Niacin extended-release/simvastatin is a medication often prescribed to treat high cholesterol and triglycerides. It contains two different active components, one of which works by blocking a particular enzyme that controls the rate of cholesterol production in the body. The medicine comes in tablet form and is generally taken once a day at bedtime. Potential side effects include nausea, flushing, and back pain.
Niacin extended-release/simvastatin (Simcor®) is a prescription medication used for treating unhealthy triglyceride or cholesterol levels. It contains two different cholesterol medications -- simvastatin (Zocor®) and extended-release niacin (Niaspan®).
(Click What Is Niacin Extended-Release/Simvastatin Used For? for more information, including possible off-label uses.)
As with any medicine, there are possible side effects with niacin extended-release/simvastatin, but not everyone who takes it will have problems. In fact, most people tolerate the drug quite well. When people do develop side effects, in most cases, they are minor, meaning they require no treatment or are easily treated by you or a healthcare professional. If side effects do occur, most people do not need to stop their medicine.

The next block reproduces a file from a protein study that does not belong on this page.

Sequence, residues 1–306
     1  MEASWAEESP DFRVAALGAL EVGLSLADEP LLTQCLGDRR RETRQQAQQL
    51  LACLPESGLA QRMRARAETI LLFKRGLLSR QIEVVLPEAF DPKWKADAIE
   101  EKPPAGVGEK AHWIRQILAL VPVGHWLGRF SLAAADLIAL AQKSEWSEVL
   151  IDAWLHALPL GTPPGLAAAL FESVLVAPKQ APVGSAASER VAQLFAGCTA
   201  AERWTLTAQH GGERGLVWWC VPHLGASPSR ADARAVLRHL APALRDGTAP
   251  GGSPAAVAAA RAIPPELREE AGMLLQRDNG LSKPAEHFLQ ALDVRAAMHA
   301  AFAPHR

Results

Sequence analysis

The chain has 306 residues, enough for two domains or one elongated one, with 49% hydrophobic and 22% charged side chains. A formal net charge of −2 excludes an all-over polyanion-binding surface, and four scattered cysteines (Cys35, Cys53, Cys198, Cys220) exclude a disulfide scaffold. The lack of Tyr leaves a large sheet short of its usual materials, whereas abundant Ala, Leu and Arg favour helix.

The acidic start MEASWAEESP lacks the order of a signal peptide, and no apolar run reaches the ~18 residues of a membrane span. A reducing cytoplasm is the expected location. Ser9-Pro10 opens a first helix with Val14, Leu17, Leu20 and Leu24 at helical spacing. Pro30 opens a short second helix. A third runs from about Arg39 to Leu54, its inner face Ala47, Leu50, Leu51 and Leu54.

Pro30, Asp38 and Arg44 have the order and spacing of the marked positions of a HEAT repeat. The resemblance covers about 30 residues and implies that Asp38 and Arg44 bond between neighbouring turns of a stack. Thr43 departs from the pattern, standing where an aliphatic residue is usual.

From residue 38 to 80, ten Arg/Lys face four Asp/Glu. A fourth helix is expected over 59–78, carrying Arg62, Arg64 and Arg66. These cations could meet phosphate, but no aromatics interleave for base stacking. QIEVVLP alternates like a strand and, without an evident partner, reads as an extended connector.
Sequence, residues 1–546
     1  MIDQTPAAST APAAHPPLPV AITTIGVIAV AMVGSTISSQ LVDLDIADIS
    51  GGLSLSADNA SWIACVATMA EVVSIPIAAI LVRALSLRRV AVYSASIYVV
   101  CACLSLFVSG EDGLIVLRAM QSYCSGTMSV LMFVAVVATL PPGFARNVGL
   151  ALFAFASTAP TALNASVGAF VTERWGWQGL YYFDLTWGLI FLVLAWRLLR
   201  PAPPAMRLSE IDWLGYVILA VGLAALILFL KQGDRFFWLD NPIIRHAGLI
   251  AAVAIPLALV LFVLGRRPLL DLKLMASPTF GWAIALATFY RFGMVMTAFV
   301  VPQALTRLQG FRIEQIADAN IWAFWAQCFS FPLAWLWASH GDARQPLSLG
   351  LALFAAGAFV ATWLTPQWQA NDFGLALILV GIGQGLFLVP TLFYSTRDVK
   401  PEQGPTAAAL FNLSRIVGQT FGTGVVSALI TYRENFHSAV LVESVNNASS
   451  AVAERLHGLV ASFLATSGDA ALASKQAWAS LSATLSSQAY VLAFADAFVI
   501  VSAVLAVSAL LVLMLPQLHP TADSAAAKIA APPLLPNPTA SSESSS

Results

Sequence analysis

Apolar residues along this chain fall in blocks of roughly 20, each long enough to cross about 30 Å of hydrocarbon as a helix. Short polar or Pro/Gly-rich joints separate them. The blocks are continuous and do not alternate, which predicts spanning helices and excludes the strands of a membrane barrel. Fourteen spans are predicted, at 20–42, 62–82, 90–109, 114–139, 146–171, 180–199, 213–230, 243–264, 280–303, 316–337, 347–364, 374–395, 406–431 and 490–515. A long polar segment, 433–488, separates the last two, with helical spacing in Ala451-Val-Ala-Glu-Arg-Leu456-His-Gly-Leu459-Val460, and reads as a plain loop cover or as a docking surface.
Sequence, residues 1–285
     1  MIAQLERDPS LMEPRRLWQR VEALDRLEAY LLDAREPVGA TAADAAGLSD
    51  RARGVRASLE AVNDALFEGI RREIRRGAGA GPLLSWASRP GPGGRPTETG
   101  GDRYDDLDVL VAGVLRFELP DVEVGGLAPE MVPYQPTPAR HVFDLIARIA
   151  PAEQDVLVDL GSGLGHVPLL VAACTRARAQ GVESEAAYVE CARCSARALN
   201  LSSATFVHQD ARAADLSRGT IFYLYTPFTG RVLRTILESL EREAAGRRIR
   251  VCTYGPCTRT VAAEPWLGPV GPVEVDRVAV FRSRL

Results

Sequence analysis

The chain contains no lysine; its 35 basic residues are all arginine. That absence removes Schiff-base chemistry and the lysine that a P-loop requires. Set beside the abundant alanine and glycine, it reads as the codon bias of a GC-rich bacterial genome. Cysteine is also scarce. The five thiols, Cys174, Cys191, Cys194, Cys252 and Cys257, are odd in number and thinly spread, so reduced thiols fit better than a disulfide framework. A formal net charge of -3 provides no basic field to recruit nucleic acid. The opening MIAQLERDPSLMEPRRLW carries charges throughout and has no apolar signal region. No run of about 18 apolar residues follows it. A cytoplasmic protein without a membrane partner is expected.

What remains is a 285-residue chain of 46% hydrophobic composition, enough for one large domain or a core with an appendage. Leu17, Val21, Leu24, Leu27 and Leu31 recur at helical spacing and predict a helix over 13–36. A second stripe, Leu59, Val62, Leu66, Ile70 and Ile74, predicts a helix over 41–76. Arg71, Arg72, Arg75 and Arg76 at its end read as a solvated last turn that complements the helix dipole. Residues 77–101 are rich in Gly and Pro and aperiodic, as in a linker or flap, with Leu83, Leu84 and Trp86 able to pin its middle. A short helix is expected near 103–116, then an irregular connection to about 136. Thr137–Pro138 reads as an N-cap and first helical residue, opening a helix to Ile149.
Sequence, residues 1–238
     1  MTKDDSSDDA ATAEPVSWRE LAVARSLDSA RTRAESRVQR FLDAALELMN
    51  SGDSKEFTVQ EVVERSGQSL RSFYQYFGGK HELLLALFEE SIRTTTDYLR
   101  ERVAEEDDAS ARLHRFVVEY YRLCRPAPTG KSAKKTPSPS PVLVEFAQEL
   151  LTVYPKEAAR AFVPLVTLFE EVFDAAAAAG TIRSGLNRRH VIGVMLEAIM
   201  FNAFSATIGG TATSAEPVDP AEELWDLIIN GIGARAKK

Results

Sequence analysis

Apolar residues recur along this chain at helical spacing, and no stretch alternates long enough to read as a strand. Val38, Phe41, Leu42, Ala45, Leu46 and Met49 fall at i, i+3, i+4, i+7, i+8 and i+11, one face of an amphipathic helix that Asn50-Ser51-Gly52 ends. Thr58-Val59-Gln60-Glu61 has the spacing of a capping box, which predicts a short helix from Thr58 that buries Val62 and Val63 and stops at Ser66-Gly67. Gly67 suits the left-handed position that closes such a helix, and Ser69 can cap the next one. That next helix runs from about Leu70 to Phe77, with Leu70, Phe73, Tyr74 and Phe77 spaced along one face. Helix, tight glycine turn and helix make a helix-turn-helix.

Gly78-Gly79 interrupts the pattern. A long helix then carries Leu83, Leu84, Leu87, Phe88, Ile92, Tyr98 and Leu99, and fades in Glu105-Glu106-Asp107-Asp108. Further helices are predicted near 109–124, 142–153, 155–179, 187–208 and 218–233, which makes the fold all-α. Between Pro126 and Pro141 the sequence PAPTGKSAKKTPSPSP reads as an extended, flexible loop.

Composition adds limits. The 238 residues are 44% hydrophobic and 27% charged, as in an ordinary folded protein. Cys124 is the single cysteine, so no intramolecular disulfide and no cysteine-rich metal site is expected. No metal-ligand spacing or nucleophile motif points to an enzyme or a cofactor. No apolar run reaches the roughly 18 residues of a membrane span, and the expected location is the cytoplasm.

Some of the most common side effects thought to be related to niacin extended-release/simvastatin include:
- Flushing (sudden reddening and warmth of the face, neck, and/or upper chest)
- Back pain
Keep in mind that if you experience unexplained muscle pain, tenderness, or weakness, (especially if these symptoms are accompanied by a fever or a feeling of illness), it is important to contact your healthcare provider immediately. This could be a sign of a serious, life-threatening muscle problem (see Simcor and Muscle Pain for more information).
(Click Side Effects of Niacin Extended-Release/Simvastatin to learn more.)